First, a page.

Think about all the people right now that are laughing, and if you can, absorb all their laughter in your body. All over the earth there are people laughing right now. All over this world right now there are people kissing. Right now. All over this world. Absorb all their kisses. If you’re going to absorb all the pain, you better take up all of humanity’s love, too, because otherwise you’re not picking up balance. Because a real leader is here to serve, not their own needs, but the greater good, and so doing, their needs are met as well.
You can’t give strength to someone else unless you have it inside you. You can’t give love to someone else unless you’ve given it to yourself, and you sure can’t create an exciting life if the only time you can be excited is when there are no problems. Because if you’re waiting for a time when there are no problems, there’s no pain, and there’s no tragedy and there’s no injustice before you celebrate, then you’re never going to celebrate again as long as you live, or you’re going to have to focus only on one small part of the world.
Don’t be selective in your caring. Don’t be selective in your pain. Create gratitude now, and from that place there will be more of you to give. If you look for the good, it’s always there. What’s wrong is always available, whether you show it on the news or not; and so is what’s right.
Right now there are children being born into a world where they will be loved. Right now there are people being saved in hospitals all across this country. Right now there are lives being turned around by people who care. Everywhere in this moment life if brewing and growing and expanding all over this earth. Life always moves forward and never moves backward. Children are laughing. People are achieving.
If this were just one more event in your life, another piece of the fabric coming together to create more of you, the real you showing up, what would you decide to do? What would you decide to deal the tragedy? What decision could you make? Because in a state of certainty, you know what’s right. Not what I know. What you know. You have to make your own choices. We can all share our own point of view, but you have to make your own choices. What’s right for you to do. How can you use this? What can you remember about humanity or about yourself? What emotions are available at any moment for you?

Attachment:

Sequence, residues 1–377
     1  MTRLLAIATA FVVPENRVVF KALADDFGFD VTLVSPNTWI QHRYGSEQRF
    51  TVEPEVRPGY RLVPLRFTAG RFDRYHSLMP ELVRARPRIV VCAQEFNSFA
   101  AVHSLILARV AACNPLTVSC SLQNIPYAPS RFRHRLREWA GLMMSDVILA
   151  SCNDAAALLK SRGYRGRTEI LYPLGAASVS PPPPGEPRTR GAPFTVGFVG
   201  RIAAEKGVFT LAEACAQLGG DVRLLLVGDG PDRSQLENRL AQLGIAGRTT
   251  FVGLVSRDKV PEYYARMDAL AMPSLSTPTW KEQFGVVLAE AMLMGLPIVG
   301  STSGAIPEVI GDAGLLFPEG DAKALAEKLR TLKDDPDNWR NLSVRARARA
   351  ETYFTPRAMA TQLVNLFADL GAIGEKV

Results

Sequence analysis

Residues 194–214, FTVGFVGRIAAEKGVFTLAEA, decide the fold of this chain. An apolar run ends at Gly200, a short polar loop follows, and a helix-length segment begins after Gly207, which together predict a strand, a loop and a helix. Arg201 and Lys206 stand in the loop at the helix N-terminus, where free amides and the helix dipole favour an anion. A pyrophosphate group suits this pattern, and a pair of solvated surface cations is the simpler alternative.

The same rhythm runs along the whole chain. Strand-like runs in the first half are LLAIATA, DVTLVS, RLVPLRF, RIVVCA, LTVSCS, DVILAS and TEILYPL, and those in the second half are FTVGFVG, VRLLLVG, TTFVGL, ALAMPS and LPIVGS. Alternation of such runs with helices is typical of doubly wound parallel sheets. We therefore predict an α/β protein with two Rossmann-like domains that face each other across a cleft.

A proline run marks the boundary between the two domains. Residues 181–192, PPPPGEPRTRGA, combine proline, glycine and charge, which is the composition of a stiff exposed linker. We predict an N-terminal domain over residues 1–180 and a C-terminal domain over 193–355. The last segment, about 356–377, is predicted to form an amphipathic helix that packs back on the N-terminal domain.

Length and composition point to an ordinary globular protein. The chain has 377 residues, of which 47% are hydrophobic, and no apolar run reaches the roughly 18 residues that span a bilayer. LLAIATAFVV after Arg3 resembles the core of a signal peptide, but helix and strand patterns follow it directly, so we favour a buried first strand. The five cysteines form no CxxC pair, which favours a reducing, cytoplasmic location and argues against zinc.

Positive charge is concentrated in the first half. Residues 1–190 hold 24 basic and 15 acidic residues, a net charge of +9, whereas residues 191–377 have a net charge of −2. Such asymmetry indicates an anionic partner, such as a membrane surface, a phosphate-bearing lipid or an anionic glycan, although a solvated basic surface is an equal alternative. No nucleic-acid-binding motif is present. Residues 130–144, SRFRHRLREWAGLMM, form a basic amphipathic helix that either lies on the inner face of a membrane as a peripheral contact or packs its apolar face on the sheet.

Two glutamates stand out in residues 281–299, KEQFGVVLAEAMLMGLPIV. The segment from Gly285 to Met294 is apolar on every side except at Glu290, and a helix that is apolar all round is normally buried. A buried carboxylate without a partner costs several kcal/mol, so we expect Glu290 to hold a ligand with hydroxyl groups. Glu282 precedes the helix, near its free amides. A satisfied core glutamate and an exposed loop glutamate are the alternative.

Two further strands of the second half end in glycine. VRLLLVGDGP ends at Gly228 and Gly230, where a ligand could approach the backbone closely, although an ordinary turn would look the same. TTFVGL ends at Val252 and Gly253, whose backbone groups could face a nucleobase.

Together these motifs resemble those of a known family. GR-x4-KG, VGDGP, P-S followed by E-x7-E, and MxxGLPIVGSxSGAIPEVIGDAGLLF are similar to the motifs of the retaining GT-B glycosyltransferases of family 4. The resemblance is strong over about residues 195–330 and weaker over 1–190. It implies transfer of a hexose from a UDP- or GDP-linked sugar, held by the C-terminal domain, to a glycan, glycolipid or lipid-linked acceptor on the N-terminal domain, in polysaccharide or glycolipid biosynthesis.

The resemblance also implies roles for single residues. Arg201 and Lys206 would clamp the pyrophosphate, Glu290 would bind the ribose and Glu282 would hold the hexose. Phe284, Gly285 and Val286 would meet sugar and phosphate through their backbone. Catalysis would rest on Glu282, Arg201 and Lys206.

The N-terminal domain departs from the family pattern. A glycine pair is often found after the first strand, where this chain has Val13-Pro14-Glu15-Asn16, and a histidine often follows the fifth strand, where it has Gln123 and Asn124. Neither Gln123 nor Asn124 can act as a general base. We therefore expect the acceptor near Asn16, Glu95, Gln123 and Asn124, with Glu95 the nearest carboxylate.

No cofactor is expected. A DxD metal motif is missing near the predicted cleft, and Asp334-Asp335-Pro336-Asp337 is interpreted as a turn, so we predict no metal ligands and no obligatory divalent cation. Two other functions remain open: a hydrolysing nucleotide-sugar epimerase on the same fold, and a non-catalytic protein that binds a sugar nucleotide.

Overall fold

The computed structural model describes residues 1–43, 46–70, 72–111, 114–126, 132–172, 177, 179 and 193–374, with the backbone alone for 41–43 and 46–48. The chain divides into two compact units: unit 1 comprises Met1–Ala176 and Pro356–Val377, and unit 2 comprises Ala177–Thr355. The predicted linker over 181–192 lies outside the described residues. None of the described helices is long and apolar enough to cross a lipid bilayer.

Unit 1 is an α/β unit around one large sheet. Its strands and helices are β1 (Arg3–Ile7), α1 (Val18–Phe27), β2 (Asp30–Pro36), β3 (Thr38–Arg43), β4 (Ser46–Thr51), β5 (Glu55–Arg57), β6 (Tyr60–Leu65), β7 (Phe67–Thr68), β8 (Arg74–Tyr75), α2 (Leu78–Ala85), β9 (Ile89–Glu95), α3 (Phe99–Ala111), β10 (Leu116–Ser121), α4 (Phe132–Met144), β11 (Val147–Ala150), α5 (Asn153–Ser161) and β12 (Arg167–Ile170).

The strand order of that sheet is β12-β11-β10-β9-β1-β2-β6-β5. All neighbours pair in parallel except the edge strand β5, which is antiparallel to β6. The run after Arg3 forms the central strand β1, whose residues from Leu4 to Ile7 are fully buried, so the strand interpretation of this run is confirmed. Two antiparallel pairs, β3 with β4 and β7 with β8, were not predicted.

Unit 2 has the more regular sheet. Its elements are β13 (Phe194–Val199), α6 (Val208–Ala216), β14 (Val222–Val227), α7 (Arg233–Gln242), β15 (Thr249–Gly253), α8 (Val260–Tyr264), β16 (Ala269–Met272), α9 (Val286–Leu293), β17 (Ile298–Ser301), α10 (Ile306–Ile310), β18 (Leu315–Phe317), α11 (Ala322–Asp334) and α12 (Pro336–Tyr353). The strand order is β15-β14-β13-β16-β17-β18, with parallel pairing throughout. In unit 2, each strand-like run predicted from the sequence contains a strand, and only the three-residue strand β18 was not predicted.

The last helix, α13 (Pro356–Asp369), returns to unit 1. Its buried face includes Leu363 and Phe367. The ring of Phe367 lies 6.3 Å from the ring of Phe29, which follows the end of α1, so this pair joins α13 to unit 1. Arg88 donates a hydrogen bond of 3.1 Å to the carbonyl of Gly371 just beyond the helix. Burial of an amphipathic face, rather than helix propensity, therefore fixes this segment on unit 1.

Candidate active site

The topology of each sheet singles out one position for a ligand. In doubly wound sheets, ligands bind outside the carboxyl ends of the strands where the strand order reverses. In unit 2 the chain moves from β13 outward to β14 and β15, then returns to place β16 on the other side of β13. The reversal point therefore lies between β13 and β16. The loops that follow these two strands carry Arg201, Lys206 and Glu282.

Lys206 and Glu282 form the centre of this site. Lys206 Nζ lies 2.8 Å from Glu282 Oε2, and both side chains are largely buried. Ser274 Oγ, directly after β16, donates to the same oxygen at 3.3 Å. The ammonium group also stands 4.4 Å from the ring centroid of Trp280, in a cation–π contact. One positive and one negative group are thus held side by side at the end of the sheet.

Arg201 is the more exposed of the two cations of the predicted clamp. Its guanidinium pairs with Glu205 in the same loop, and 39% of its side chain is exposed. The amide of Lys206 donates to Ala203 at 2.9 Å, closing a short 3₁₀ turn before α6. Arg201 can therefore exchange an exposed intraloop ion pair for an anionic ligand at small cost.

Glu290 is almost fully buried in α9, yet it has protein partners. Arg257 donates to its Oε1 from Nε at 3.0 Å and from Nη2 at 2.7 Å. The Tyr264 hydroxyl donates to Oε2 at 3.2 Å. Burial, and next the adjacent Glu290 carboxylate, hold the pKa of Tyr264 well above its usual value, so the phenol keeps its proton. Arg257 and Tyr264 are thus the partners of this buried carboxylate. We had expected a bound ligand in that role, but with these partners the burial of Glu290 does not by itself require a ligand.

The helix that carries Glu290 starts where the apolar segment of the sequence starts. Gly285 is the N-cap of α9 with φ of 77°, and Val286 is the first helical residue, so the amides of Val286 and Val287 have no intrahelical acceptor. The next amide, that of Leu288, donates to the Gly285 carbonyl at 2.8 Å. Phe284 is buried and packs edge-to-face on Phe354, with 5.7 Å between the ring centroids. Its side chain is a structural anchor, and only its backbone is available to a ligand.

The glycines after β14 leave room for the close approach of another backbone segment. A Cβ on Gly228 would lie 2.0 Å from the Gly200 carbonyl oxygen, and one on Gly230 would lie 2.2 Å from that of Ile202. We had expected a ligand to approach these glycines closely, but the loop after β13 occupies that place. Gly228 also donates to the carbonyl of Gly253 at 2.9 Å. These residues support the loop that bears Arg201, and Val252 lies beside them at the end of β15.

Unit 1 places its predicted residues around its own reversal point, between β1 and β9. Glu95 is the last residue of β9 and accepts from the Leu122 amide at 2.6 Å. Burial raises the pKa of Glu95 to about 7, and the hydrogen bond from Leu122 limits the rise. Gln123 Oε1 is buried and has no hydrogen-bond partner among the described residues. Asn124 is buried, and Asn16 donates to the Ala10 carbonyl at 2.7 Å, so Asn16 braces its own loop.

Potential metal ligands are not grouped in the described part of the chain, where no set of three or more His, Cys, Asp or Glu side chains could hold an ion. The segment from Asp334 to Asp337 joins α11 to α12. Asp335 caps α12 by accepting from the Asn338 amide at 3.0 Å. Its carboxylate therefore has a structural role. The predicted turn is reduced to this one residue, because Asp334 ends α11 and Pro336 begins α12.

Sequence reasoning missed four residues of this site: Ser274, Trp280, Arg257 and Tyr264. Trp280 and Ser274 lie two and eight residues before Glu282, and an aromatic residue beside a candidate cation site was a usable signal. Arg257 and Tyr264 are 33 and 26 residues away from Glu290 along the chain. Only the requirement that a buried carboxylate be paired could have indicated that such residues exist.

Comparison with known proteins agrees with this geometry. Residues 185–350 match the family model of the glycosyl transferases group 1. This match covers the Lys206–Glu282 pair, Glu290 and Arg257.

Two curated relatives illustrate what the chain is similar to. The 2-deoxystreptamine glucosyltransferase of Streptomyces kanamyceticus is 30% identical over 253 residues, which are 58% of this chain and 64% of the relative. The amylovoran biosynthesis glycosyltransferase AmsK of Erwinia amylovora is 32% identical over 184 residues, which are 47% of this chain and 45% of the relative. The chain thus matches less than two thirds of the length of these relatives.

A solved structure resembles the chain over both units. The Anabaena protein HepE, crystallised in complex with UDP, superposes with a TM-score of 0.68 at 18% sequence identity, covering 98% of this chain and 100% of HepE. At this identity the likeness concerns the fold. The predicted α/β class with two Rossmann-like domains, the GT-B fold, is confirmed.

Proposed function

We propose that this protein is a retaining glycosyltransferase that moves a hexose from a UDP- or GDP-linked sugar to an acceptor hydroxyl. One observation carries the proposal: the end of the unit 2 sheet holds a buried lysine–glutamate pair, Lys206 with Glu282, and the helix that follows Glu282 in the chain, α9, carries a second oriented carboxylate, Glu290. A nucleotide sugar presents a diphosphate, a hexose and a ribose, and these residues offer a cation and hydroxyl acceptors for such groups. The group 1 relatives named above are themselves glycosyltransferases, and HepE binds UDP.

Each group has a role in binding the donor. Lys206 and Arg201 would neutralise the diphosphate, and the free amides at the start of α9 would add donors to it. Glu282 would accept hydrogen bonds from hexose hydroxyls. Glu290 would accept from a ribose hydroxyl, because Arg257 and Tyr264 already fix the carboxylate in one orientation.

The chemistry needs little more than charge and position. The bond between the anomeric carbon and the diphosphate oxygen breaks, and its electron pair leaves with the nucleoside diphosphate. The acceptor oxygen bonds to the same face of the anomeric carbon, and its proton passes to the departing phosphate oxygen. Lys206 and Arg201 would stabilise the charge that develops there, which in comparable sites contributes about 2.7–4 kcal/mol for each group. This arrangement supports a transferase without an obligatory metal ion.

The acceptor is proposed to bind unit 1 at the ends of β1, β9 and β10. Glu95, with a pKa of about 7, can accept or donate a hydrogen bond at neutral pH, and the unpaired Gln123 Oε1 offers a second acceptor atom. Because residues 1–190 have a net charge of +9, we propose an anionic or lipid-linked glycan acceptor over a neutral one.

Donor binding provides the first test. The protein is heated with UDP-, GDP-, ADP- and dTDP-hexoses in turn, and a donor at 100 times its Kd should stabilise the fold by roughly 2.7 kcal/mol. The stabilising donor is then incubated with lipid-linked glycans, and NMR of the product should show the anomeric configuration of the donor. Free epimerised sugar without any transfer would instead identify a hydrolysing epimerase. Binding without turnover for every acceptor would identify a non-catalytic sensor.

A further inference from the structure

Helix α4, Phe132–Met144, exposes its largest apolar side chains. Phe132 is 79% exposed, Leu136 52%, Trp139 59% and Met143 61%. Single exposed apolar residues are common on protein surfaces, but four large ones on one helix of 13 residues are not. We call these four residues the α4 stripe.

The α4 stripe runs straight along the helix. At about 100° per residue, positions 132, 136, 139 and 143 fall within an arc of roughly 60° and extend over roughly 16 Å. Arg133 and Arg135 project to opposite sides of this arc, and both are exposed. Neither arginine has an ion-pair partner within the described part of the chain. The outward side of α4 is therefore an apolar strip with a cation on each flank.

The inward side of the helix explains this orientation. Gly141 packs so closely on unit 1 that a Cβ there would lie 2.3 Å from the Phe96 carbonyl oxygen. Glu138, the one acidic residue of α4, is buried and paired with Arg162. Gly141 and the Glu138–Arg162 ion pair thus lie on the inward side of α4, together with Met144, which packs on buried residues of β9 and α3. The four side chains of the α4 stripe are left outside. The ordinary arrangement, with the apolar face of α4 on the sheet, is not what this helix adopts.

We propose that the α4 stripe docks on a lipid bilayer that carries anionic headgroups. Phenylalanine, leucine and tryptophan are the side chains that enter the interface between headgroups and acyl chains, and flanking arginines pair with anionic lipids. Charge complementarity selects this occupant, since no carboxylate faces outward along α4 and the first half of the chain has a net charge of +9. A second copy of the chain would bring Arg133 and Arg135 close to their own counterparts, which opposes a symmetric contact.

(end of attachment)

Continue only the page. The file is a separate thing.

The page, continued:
The Crazy Eight of Emotions
I am sure Robbins was bringing to the collective minds of his attendees something he had already talked about in-depth, something pretty much every one of us experiences during times of extreme stress and tragedy — a cycle known as the “Crazy Eight” of emotions, as depicted here. Many people will experience this cycle at some level on an ongoing basis, and a tragic event or sudden loss or stressful situation will only serve to trigger a more blatant expression of these emotions. In his impromptu speech, Robbins was encouraging his people to become consciously aware of these natural emotions and turn them upside down into something much more positive and productive and pointing out that, no matter the situation, it is possible to turn something we perceive as negative into a launching pad for growth and forward movement.
What were you feeling during 9-11? What emotions did you experience after hearing of the bombings at the end of the Boston Marathon? How do you respond to extreme situations? How do you manage stress?
A more powerful way to manage stress and tragedy
In the following video from that day in Hawaii, Tony ends up bringing two men from opposing cultures and ideologies on stage to work with and demonstrate, in an incredibly powerful way, how, by becoming aware of our own emotions and the needs they are fulfilling within us, we can turn any stressful situation or tragedy into something extremely positive and something that will take us to new heights we could never have imagined.
Here’s to learning how to manage stress and tragedy in life in ways that lead to paths of peace, joy, prosperity and abundance beyond your imagination!